In Hannes Holm's A Man Called Ove, a Swede's numerous suicide attempts keep getting postponed by the goings-on of his rule-bending next-door neighbors. Ove’s only joy in life was provided by Sonja, a full-of-life woman who died and left him alone again. Now his days are filled with maintaining order in his pedestrians-only cul-de-sac—including berating the afore-mentioned neighbors for driving their car to their house to unload the groceries and two cute kids. The story arc is predictable (misanthrope is coaxed back into living life again by the love and honesty of ordinary folk), but the flashbacks of Ove railing against the bureaucratic “white shirts” and the tender scenes of loving Sonja, make this import very special.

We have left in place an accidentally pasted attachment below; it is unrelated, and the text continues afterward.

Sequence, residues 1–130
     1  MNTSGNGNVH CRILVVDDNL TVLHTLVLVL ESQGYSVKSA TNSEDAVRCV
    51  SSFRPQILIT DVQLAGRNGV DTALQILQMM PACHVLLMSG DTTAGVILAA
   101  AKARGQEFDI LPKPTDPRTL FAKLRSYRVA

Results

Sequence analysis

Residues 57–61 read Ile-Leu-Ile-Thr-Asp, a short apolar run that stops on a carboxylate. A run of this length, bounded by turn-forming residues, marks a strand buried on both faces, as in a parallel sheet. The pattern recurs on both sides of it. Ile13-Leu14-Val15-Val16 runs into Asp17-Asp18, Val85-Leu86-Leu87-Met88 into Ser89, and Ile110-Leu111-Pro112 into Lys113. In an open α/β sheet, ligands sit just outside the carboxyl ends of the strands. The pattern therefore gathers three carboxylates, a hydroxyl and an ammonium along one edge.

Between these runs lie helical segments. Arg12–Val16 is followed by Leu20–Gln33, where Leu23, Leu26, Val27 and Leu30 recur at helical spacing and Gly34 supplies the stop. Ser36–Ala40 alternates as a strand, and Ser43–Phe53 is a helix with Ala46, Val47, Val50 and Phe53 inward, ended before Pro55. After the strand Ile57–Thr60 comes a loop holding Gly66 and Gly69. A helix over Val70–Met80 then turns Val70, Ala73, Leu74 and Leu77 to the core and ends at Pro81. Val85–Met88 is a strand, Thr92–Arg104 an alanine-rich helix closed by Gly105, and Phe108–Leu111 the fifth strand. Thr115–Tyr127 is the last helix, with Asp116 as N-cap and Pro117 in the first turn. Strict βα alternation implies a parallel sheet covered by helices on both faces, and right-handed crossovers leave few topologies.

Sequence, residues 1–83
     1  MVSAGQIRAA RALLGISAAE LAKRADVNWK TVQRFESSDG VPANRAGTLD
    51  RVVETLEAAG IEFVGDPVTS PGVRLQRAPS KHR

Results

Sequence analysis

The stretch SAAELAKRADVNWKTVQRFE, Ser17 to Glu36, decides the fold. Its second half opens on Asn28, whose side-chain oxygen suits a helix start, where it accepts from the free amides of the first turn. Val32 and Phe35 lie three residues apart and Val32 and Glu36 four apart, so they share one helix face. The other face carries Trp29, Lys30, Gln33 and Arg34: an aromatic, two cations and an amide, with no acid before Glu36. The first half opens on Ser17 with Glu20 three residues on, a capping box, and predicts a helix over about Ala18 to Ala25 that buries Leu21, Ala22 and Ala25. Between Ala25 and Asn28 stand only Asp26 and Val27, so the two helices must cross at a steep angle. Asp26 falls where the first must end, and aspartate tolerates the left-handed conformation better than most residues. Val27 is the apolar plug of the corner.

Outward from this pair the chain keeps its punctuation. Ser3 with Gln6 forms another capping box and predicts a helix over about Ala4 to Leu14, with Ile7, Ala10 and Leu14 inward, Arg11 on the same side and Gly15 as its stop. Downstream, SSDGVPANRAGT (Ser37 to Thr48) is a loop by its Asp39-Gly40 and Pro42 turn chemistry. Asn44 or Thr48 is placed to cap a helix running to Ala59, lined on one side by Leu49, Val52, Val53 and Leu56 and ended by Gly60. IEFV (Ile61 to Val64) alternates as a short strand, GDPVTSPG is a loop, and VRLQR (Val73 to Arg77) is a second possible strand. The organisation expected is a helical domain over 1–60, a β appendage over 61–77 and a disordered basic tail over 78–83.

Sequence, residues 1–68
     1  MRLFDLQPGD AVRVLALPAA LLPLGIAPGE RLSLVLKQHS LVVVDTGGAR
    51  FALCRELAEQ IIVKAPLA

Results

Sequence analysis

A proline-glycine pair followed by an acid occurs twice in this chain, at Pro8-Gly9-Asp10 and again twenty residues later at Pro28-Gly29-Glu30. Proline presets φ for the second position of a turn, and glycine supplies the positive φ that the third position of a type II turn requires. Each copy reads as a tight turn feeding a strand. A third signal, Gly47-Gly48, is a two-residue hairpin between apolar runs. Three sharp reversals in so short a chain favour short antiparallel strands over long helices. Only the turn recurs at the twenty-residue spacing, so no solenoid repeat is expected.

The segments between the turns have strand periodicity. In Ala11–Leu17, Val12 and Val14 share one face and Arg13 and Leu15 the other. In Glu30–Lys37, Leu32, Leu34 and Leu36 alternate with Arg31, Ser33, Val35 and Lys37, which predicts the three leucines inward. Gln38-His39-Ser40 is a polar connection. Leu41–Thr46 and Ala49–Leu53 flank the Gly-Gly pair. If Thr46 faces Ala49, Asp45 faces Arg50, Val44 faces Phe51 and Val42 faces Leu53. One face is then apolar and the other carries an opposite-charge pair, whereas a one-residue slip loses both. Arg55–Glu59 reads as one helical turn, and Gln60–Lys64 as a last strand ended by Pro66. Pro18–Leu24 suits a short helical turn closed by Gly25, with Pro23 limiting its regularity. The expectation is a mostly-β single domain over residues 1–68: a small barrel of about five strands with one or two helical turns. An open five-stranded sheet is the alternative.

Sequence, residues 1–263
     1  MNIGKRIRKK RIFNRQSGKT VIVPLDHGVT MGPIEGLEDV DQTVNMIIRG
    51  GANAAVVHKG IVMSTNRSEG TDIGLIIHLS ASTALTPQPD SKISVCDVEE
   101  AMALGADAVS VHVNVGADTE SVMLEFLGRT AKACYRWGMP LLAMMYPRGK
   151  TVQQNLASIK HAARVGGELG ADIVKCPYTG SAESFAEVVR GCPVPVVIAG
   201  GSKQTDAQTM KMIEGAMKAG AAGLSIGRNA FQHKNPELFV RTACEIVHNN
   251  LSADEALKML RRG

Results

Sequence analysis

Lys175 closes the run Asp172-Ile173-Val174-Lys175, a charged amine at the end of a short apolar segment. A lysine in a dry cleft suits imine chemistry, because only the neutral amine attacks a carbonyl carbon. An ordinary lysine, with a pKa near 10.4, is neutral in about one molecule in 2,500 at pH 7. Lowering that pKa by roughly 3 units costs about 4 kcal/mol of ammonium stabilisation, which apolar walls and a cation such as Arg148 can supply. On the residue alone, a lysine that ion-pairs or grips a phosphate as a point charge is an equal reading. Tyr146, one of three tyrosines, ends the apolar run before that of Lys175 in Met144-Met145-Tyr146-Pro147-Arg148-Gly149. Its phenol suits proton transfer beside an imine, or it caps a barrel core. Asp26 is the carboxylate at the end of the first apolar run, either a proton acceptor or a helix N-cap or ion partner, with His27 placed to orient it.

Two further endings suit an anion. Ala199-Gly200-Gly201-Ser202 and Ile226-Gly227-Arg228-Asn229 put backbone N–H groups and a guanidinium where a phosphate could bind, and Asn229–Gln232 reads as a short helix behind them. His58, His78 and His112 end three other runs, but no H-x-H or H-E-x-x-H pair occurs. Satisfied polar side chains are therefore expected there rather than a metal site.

I’ve enjoyed watching (and writing about) British actor Timothy Spall for decades. His Mr. Potato Head face has never been more rotten-looking than playing Holocaust denier David Irving in Mick Jackson's Denial. In 1996, Irving sued historian Deborah Lipstadt (Rachel Weisz) and her publisher for libel for branding him with that term in her book. Adhering to British law, Irving must prove to the Court that the Holocaust did in fact, occur. Seems simple right? Except that the Nazis painstakingly expunged all records of genocide, and modern day Germans, Austrians and Poles are convinced that so-called “death camps” never existed. Filmed in a “just the facts,” style that would have pleased Jack Webb, Spall provides the much-needed emotion as he chews up the scenery playing a man so sure of his own belief system, that he could run for office as Britain’s Prime Minister in today’s political madhouse.